Will Congress step in where the U. S. Supreme Court decided not to tread?
That’s the question facing the news media and advocates of the so-called Free Flow of Information Act now that the U. S. Supreme Court in early June decided not to hear a case involving New York Times reporter James Risen. The Fourth Circuit Court of Appeals last year ruled, “There is no First Amendment testimonial privilege, absolute or qualified, that protects a reporter from being compelled to testify by the prosecution or the defense in criminal proceedings about criminal conduct that the reporter personally witnessed or participated in, absent a showing of bad faith, harassment, or other such non-legitimate motive, even though the reporter promised confidentiality to his source.” (U. S. v. Sterling, 724 F.3d 482, 492 (4th Cir. 2013).) The Supreme Court’s June decision not to hear the case exposes Risen to potential jail time for not identifying a source.
Risen is the author of a book, “State of War: The Secret History of the CIA and the Bush Administration,” that detailed a CIA plan to sabotage Iran’s nuclear program. Prosecutors contend that a former CIA agent, Jeffrey Sterling, leaked information to Risen which was used in the book.
The Fourth Circuit’s decision rejects a First Amendment privilege for reporters not to testify in criminal cases, and also rejects a “qualified, federal common-law reporter’s privilege protecting confidential sources.” But the Court did recognize a qualified reporter’s privilege in civil cases, saying that the Fourth Circuit has “continued to recognize the important distinction between enforcing subpoenas issued to reporters in criminal proceedings and enforcing subpoenas issued to reporters in civil litigation. Subpoenas in criminal cases are driven by the quite different and compelling public interest in effective criminal investigation and prosecution, an interest that simply is not present in civil cases.”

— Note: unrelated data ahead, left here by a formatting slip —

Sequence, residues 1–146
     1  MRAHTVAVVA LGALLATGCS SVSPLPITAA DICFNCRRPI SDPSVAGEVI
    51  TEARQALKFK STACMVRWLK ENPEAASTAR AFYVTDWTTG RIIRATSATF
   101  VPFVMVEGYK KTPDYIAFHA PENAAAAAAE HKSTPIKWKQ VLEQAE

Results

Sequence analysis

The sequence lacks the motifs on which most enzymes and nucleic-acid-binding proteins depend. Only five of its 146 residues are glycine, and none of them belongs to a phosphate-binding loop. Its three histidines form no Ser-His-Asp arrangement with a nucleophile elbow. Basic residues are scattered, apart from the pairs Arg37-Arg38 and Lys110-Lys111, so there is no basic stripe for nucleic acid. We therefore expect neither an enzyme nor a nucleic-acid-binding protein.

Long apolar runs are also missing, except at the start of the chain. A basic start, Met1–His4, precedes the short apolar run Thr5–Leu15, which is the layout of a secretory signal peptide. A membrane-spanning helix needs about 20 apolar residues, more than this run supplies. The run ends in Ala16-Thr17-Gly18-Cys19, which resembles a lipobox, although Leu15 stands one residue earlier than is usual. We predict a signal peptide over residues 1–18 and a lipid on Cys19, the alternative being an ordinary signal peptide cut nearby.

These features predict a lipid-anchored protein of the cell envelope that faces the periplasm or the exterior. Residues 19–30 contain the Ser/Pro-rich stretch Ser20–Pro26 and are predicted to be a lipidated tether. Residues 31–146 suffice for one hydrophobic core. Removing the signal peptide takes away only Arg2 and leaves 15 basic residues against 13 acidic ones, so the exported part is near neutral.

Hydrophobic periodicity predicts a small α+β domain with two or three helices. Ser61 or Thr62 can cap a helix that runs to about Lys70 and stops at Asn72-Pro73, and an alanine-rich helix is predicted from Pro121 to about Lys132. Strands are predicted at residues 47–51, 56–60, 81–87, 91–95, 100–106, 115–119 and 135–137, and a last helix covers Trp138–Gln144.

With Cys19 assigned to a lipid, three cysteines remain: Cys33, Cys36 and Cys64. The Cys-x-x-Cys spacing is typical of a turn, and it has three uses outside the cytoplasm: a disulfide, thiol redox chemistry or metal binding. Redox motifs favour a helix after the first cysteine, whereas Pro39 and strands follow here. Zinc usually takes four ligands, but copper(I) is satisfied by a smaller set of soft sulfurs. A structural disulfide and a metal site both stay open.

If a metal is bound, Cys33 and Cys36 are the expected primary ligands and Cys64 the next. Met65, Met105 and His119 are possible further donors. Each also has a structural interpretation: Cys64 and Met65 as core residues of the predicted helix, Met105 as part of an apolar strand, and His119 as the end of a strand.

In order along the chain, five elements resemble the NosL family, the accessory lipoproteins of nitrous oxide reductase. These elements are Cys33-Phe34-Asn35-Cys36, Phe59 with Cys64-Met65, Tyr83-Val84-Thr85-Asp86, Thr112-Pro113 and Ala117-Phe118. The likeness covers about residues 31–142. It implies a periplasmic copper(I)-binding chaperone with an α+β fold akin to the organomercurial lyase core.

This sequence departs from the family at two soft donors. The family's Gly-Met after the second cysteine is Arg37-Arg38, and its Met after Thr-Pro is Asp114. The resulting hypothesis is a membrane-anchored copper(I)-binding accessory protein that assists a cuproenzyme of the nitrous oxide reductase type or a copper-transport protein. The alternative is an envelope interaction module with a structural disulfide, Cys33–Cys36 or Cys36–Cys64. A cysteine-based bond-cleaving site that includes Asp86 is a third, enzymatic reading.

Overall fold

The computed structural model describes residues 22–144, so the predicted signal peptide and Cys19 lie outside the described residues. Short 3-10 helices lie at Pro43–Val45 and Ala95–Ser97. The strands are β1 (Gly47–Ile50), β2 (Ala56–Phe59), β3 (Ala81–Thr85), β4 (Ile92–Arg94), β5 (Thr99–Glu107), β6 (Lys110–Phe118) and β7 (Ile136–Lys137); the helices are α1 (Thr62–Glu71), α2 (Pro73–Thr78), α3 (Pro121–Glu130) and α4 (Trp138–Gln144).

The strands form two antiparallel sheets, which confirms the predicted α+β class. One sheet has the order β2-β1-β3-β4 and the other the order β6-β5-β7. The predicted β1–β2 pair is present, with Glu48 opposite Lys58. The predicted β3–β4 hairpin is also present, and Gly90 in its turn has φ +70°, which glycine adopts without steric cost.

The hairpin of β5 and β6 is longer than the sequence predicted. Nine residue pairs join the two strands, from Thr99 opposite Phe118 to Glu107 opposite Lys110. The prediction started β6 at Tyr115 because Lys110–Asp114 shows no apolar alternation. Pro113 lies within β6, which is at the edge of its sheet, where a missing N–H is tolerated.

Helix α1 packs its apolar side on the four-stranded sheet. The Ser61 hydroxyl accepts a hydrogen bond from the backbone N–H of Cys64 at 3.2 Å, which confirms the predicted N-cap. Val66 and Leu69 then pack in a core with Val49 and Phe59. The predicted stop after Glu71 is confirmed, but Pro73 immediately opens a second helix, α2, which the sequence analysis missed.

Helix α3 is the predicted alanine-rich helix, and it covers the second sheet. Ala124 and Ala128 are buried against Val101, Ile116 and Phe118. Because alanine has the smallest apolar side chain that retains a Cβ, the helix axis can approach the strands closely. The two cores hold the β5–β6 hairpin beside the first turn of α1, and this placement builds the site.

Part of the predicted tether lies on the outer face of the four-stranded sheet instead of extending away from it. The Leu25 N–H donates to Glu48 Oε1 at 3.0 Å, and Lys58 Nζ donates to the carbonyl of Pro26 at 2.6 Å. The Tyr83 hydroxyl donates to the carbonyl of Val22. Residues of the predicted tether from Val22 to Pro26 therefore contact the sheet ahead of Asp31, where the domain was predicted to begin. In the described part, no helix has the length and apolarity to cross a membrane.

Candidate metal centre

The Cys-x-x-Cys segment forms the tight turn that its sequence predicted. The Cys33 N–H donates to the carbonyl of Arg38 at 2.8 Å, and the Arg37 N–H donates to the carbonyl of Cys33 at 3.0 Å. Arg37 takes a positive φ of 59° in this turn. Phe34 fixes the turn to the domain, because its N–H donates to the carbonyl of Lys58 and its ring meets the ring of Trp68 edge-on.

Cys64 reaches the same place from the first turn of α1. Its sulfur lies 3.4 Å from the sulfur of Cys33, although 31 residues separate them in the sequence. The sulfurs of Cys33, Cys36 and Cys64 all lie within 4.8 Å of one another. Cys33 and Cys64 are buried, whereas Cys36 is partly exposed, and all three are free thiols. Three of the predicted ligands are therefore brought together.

The Court rejected a privilege for Risen, holding, “he can provide the only first-hand account of the commission of a most serious crime indicted by the grand jury — the illegal disclosure of classified, national security information by one who was entrusted by our government to protect national security, but who is charged with having endangered it instead.”
The U.S. Supreme Court’s decision not to hear the case is the latest in a number of decisions by the Supreme Court not to revisit its 1972 decision in Branzburg v. Hayes, 408 U. S. 665. For decades, many lower courts had relied upon Justice Lewis Powell’s concurring opinion in Branzburg to recognize some form of reporter’s privilege. Justice Powell’s concurring opinion stated, “The Court does not hold that newsmen, subpoenaed to testify before a grand jury, are without constitutional rights with respect to the gathering of news or in safeguarding their sources.”
More recently, however, lower courts have taken a more restrictive view of the high court’s Branzburg holding, epitomized by the Fourth Circuit’s statement that “Justice Powell’s concurrence in Branzburg simply does not allow for the recognition of a First Amendment reporter’s privilege in a criminal proceeding which can only be overcome if the government satisfies the heavy burdens of the three-part, compelling interest test.”
With the Supreme Court’s decision not to hear the Risen case, advocates of a reporter’s privilege have turned to Congress. The Newspaper Association of America has rged Senate leadership to bring Senate Bill 987 to the Senate floor for a vote. A national coalition of media companies and associations has endorsed that effort. SB 987 was passed by the Senate Judiciary Committee, 13-5, in September but has awaited a floor vote ever since.
In the meantime, supporters of a reporter’s privilege — which in my opinion is essential to the newsgathering abilities of the press and to uncovering government misconduct — wait in uncomfortable limbo, with their protection dependent upon whether subpoenas are issued in a criminal or civil cases, or whether they are issued in a state or federal case (nearly all states have a reporter’s privilege of some sort). It’s time for Congress or the Supreme Court to end that limbo.